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Wednesday, June 04, 2003

The Fed's Deflation Firewall Starts a Fire

There is perhaps less clear economic news coming in at the moment, but what there is seems reasonably serious (see Italian pensions post below). This development following a Greenspan conference call seems to indicate just how nervous everyone is. There is one thing about which I am genuinely confused in the inflation targeters' argument, should a drop in long trem rates be considered a good thing (since it makes borrowing cheaper) or a bad one (since it indicates deflation expectations are setting in)? Meanwhile the Bundesbank President informs us that Germany will not have the 'pernicious' Japan-style deflation, it would be nice if he could provide us with some convincing reasoning as to why not.

The markets drove long-term interest rates sharply lower on Tuesday after Alan Greenspan, chairman of the US Federal Reserve, said the central bank would act decisively to head off the risk of deflation. Speaking by satellite to a conference of central bankers in Berlin, Mr Greenspan said the US economy had stabilised in recent weeks, though it had yet to show clear signs of acceleration. But though he also continued to warn that the risk of a vicious circle of "corrosive deflation" was low, the markets seized his comments about the need to establish a "firebreak" to prevent it taking hold.

Two-year US interest rates fell to a record low of 1.19 per cent, dropping below the current short-term policy interest rate of 1.25 per cent. Expectations of interest rate cuts soon rose sharply, with markets pricing in a chance of more than 80 per cent that the Fed will cut rates by a quarter-point at its next meeting on June 24-25. Mr Greenspan's guarded assessment was underlined by a welcome for the short-term boost from last month's $350bn tax-cut package, due to come into effect next month. "I have to admit that, fortuitously, this particular cut in taxes is happening at the right time, although I doubt very much one could have planned that in advance," he said.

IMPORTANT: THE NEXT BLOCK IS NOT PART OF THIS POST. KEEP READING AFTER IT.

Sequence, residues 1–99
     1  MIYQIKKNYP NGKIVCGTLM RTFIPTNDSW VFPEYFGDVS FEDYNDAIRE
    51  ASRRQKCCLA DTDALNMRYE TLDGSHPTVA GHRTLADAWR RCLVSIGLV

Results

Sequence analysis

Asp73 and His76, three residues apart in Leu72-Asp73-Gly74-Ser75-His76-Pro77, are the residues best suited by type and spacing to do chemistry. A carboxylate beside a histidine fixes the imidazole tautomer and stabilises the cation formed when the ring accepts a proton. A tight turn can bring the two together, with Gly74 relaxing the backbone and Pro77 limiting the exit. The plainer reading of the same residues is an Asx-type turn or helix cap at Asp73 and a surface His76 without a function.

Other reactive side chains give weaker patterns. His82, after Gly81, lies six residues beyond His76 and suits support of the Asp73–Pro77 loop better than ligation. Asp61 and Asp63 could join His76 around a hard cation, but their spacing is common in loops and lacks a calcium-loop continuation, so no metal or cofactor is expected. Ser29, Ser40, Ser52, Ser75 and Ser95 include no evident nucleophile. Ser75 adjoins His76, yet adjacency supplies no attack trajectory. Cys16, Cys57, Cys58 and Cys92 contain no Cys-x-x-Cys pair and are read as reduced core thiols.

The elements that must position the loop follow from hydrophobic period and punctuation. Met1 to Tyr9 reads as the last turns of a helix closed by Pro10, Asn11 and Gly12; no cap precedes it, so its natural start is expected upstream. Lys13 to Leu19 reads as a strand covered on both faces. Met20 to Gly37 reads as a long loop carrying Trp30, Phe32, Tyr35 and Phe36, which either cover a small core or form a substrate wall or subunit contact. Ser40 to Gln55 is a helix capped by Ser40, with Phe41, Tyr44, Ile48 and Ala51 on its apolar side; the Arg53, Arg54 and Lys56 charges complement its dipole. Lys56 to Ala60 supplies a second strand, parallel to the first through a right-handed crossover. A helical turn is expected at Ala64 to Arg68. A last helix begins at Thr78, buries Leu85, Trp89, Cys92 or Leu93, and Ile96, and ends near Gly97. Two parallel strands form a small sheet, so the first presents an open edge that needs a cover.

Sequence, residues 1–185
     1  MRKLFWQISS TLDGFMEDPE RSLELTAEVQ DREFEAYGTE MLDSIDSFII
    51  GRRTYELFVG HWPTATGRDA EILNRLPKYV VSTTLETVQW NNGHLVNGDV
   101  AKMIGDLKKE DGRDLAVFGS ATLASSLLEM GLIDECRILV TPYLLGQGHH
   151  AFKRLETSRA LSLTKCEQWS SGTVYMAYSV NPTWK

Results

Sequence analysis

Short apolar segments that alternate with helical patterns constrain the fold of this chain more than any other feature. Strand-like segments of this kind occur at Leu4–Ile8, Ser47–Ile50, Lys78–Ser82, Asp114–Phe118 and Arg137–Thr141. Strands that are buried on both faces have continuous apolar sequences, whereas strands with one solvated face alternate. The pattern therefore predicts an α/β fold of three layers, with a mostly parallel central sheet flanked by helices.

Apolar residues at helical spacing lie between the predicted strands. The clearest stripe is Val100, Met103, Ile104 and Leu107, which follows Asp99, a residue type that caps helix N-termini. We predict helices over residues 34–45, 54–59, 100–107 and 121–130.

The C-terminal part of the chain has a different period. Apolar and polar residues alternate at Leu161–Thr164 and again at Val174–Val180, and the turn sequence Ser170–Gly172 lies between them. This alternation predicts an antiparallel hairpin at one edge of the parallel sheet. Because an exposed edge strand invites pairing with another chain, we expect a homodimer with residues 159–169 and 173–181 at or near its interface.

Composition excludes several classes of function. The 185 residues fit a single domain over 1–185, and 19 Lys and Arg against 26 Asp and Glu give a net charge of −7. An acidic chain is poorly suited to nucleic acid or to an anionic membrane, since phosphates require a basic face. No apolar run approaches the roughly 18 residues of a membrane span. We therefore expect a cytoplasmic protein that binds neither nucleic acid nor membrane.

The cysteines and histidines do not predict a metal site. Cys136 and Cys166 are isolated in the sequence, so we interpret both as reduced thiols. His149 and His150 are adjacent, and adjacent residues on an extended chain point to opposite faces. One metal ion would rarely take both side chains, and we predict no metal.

The statement contrasted with remarks Mr Greenspan made earlier in the year, when he said it was not clear that the US economy needed the stimulus from a tax cut. Most economists read Tuesday's statements as a signal that Mr Greenspan, while not committing to a rate cut, was leaving the door open if necessary and cautioning against overoptimism. "He is still on the theme that things are getting better but they will have to get better quickly to validate some of the [economic] projections for the summer," said Robert DiClemente at Citigroup.

Several of the large investment banks have made optimistic forecasts that the US economy could reach 3-4 per cent growth in the third quarter of the year. While more confidence in financial markets suggested "a marked turnround" in the real economy, Mr Greenspan said his best judgment was that such an acceleration had not yet begun. "It is too early to get any real fix on the American economy in the period ahead," he said. At the Berlin conference, Ernst Welteke, the Bundesbank president, also admitted that Germany might suffer a period of falling prices, but not the "pernicious" deflation that had gripped Japan.He said: "We cannot, however, rule out the possibility that Germany might experience mild deflation in the near future."
Source: Financial Times

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